AT&T has trouble figuring out where it offers government-funded Internet

An AT&T logo on the side of a building.

If you live in an area where AT&T has taken government funds in exchange for deploying broadband, there’s a chance you won’t be able to get the service—even if AT&T initially tells you it’s available.

AT&T’s Mississippi division has received over $283 million from the Federal Communications Commission’s Connect America Fund since 2015 and in exchange is required to extend home-Internet service to over 133,000 potential customer locations. As we previously reported, the Mississippi Public Service Commission (PSC) accused AT&T of submitting false coverage data to the FCC program. As evidence, Mississippi said its “investigation found concrete, specific examples that show AT&T Mississippi has reported location addresses… as being served when, in fact, the addresses are without service.”

AT&T has since provided an explanation that confirms it submitted false data on the serviceability of some addresses but says it will still meet the overall requirement of serving over 133,000 new customer locations. The problem is in how AT&T determines whether its wireless home-Internet service can reach individual homes and businesses. AT&T uses propagation modeling software to map out coverage areas, but the software isn’t always accurate. This wouldn’t be a problem if AT&T deployed fiber-to-the-home or fiber-to-the-node in these areas, but the company is meeting its obligations with wireless service.

“Unsuccessful installation” attempts

In some cases, customers set up appointments with AT&T to set up broadband service at addresses that AT&T had incorrectly reported to the FCC’s universal service program as being served.

“To be clear, AT&T Mississippi learned, via an unsuccessful installation attempt, that it could not offer service meeting the CAF II [Connect America Fund] minimum performance requirements at those addresses only after it had reported those addresses [to the administrator of the FCC program],” AT&T wrote last week in a letter to the FCC that was published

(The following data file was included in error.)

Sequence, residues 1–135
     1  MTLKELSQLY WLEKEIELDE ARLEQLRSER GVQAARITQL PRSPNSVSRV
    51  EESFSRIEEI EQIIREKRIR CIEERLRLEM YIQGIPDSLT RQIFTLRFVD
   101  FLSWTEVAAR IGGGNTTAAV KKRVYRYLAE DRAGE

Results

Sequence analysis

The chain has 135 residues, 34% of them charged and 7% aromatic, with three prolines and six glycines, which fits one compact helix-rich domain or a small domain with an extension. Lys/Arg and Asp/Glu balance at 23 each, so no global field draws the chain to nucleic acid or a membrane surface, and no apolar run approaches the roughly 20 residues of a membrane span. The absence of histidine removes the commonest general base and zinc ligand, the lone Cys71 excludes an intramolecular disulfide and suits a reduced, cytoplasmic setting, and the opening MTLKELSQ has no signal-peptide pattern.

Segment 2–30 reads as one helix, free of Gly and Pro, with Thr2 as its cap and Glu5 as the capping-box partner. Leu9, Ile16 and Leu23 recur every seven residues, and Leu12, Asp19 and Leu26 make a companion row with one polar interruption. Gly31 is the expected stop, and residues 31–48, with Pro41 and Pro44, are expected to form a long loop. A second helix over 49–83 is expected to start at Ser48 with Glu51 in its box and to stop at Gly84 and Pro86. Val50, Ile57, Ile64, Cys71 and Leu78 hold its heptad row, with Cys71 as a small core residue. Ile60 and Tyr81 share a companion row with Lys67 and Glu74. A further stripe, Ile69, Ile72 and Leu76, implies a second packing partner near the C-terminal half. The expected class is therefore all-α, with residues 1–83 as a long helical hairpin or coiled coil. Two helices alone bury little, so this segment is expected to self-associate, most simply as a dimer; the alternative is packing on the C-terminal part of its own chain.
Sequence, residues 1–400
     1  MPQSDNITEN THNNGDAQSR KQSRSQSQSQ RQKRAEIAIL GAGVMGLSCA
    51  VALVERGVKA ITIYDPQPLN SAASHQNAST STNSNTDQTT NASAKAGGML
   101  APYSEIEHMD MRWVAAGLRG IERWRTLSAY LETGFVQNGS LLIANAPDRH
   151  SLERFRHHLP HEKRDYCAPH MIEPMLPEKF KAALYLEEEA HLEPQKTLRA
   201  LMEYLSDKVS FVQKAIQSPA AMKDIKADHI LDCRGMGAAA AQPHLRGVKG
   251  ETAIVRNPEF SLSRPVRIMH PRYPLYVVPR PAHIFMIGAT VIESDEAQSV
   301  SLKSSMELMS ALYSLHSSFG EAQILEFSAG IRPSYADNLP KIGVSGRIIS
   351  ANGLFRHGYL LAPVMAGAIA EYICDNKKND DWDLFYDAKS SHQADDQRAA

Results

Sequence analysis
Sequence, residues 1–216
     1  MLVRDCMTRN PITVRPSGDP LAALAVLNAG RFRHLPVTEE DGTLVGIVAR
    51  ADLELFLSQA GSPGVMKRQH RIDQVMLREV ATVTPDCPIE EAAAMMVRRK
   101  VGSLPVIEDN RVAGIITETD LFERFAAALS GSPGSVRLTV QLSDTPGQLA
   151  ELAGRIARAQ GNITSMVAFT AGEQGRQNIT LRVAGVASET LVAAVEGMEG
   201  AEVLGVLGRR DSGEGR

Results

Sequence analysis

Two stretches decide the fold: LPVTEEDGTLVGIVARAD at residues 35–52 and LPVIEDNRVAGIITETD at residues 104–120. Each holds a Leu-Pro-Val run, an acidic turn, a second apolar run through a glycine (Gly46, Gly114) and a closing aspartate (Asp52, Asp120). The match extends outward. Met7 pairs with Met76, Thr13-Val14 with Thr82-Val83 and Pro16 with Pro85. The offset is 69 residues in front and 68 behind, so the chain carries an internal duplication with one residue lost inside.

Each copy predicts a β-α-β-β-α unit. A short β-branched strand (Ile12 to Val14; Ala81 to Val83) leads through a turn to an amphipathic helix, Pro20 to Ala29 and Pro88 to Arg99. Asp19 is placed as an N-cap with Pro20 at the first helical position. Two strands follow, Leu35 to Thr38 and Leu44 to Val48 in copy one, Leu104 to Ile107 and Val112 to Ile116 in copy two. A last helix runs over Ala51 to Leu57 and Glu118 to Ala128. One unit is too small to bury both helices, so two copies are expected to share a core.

A Major Bitcoin Exchange Is In Even Worse Trouble Than Thought

The bitcoin and cryptocurrency world was rocked last week by news U.S. authorities had levied charges against major bitcoin and crypto exchange BitMEX and its leadership team.

BitMEX executives Arthur Hayes, Benjamin Delo and Samuel Reed were indicted by the U.S. government on October 1, accused of flouting U.S. banking laws while serving American customers.

Now, in a further blow to the controversial Seychelles-based bitcoin and cryptocurrency exchange, the influential blockchain data company Chainalysis has branded BitMEX a “high-risk” exchange—with external data showing investors have removed almost 50,000 bitcoin tokens from BitMEX since last week.

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On Monday this week, Chainalysis warned its clients that BitMEX, which rose to prominence throughout bitcoin’s massive 2017 bull run and was up until recently the largest bitcoin-derivatives exchange, would be considered a “high risk exchange” from October 13.

“Any transfers from October 1 and later should be considered high risk,” Chainalysis told clients in an email that was first reported by bitcoin and cryptocurrency news and analysis outlet The Block, adding BitMEX transfers will trigger alerts for those using the Chainalysis monitoring tool.

The Chainalysis warning compounds data from blockchain analytics firm Glassnode that shows around 45,000 bitcoin tokens have been withdrawn from BitMEX since the start of the month, representing a 27% drop in the total bitcoin on the exchange.

“On Friday 2 October, the day after the announcement, BitMEX saw its largest ever day of net outflows as investors rushed to remove their funds